The witch-hunter's guide: "Invectives Against the Sect of Waldensians," written in 1460 and discovered in UAlberta's Bruce Peel Special Collections Library, is one of only four copies of the manuscript in the world. (Photo: Richard Siemens)
(Edmonton) The idea of witches buzzing about on brooms may be a Halloween staple today, but a rare medieval manuscript recently discovered by University of Alberta researchers is a reminder that it has a dark and disturbing past.
The manuscript—Invectives Against the Sect of Waldensians—is one of only four copies in the world. It details how to find, hunt, punish or even execute witches in Europe, says history professor Andrew Gow, who was mining the U of A's Bruce Peel Special Collections Library for old books when he found it.
Gow says the mysterious manuscript, written in 1460, was prepared for an eccentric reader. “It was written in the environment of the court of the Dukes of Burgundy, one of the greatest and most powerful, interesting and strangest courts in the Middle Ages.”
Just how it ended up at the U of A libraries—and why is it missing a valuable portion—are among the questions Gow has been trying to answer. He recently brought the renowned codicologist Erik Kwakkel from Leiden University in the Netherlands to the U of A to work with students who were also trying to discover details on old books that were bound with medieval manuscripts.
“It’s missing something; someone at some point ripped out the most valuable, the most interesting and the most exciting piece of the whole manuscript, which is the frontispiece,” said Gow.
Gow says the piece would probably have depicted witches “flying to some kind of a meeting at night, where they pay homage to the devil, and they dance, feast, drink and have sex. And they fly home in the morning on their brooms.
“This is one of the very first times that this idea is translated into an image.”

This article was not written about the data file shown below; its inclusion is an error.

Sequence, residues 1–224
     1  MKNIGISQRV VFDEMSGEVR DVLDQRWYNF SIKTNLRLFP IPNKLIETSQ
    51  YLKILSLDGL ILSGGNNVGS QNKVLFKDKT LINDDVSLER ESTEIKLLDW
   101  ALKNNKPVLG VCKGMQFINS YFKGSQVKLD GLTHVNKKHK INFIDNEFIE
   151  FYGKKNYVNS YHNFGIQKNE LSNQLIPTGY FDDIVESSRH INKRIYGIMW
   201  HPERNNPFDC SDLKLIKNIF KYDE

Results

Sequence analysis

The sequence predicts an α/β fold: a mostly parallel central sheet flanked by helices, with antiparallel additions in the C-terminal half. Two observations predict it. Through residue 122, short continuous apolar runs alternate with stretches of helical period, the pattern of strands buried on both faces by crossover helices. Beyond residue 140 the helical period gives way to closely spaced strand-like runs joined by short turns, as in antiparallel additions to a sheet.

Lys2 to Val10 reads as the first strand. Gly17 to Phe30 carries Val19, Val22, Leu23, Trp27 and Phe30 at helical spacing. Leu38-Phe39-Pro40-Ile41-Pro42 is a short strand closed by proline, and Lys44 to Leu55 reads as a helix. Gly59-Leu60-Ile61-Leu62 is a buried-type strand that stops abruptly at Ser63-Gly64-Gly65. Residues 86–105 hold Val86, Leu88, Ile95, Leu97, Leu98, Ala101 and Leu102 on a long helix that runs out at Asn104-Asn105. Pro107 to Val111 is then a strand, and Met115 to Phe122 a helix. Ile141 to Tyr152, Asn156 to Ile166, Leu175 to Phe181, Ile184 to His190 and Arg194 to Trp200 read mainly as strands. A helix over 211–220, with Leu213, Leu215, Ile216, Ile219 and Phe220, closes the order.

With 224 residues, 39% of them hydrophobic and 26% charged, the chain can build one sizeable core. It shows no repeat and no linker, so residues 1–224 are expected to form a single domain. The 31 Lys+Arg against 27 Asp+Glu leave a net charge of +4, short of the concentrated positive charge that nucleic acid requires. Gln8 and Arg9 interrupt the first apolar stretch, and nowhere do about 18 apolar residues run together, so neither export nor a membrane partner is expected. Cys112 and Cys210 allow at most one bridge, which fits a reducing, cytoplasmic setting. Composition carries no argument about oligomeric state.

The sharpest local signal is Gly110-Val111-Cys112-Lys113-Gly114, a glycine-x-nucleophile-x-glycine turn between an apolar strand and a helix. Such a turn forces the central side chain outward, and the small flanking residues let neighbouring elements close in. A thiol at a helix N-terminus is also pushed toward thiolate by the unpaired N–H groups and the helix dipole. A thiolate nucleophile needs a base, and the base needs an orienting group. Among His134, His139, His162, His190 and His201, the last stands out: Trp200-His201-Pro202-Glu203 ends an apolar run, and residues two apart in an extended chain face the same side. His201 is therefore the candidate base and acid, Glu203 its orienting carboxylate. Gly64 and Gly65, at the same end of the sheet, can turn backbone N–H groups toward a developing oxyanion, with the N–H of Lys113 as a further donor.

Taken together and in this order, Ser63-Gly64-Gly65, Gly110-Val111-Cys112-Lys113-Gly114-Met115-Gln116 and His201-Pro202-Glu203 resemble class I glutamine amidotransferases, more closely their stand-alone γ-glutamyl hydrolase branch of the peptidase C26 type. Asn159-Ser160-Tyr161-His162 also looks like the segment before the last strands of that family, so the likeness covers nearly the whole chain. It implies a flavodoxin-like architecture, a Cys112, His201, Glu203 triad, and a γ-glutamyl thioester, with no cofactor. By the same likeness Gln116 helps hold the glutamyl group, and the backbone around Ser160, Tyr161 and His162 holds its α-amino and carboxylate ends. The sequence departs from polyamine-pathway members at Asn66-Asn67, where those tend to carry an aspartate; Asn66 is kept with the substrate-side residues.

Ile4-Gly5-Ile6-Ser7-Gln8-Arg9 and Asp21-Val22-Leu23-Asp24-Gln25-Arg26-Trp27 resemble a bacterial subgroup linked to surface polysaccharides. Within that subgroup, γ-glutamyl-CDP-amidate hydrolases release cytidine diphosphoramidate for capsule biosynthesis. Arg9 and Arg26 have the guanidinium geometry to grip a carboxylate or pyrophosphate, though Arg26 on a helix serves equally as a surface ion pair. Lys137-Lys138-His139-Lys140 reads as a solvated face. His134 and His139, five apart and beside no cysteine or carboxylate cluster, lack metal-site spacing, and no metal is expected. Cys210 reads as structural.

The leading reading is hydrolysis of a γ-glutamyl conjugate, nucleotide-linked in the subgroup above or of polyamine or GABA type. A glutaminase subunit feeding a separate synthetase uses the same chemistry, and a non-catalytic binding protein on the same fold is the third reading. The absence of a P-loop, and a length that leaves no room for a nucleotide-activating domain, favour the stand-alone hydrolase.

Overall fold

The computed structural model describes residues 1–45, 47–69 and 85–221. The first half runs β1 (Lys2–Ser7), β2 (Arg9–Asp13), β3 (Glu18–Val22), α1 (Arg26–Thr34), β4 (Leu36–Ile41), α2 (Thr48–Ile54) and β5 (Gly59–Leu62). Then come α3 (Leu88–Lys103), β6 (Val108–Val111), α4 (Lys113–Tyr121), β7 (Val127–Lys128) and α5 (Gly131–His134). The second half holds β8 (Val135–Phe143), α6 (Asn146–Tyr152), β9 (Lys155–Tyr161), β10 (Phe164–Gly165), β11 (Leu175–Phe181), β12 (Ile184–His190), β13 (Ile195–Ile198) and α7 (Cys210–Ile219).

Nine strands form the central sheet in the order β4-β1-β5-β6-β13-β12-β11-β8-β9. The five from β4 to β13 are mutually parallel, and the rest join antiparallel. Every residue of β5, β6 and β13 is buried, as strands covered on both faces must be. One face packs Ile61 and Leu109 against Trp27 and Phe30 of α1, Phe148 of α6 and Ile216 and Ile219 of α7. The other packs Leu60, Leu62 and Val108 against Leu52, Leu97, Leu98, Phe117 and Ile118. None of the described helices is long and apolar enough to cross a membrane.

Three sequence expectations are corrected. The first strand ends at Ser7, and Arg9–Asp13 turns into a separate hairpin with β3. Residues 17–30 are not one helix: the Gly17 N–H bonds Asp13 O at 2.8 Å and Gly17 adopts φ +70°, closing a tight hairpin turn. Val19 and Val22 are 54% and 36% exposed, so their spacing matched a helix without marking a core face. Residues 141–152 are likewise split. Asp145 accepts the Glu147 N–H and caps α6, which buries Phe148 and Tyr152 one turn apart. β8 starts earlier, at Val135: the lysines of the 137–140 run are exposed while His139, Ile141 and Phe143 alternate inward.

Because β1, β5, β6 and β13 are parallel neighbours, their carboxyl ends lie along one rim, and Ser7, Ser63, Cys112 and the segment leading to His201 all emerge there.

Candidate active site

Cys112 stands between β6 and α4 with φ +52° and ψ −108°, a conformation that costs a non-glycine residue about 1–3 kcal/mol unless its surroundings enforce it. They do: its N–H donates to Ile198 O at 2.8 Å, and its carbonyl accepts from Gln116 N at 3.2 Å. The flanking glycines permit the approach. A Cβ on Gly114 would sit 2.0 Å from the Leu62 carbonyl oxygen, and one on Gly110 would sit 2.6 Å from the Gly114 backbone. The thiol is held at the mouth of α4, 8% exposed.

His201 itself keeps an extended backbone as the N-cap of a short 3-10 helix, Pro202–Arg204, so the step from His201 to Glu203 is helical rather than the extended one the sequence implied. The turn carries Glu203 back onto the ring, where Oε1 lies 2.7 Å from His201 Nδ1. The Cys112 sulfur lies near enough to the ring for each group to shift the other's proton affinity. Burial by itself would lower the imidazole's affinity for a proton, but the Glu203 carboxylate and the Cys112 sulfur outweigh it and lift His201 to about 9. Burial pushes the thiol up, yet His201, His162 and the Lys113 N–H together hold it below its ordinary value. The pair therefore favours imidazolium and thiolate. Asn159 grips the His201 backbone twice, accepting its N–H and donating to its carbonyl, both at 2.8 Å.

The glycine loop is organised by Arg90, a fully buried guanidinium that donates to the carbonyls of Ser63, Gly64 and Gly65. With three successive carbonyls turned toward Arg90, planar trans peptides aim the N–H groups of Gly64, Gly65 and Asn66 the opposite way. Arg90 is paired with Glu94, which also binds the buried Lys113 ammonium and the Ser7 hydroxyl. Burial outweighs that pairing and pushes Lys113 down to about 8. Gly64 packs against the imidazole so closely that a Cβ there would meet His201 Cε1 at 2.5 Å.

The bound volume of animal hide, which may have belonged to King Edward IV of England and which no one in the world knew was in the U of A libraries until now, is probably the most valuable of the four known manuscripts, says Gow.
“Ours is the source of one of those other manuscripts and is probably the oldest. And it would have been one of the most valuable. It’s luxuriously bound, illustrated and carefully written. It’s probably the most important of the four manuscripts.” The others are at the Royal Library in Brussels, La Bibliothèque nationale de France and Oxford University.
The manuscript was written around the time of one of the first mass witch-hunting trials in Europe. The original meaning of the phrase “witch-hunt,” which we use casually today, was occasioned by one of the largest mass murders in European history.
“We’re not talking about little village things where one person is condemned because of hexing someone’s cow—we’re talking about an entire city in panic,” Gow said. “The best description that covers it all is a kind of collective moral panic. The kind of moral panic we might compare it with in our own times, to get an idea of how such things might work, would be the McCarthy communist witch-hunts. He was hunting for communists. But it actually works the same way; it was a kind of moral panic, and people were suspected and accused of communism.”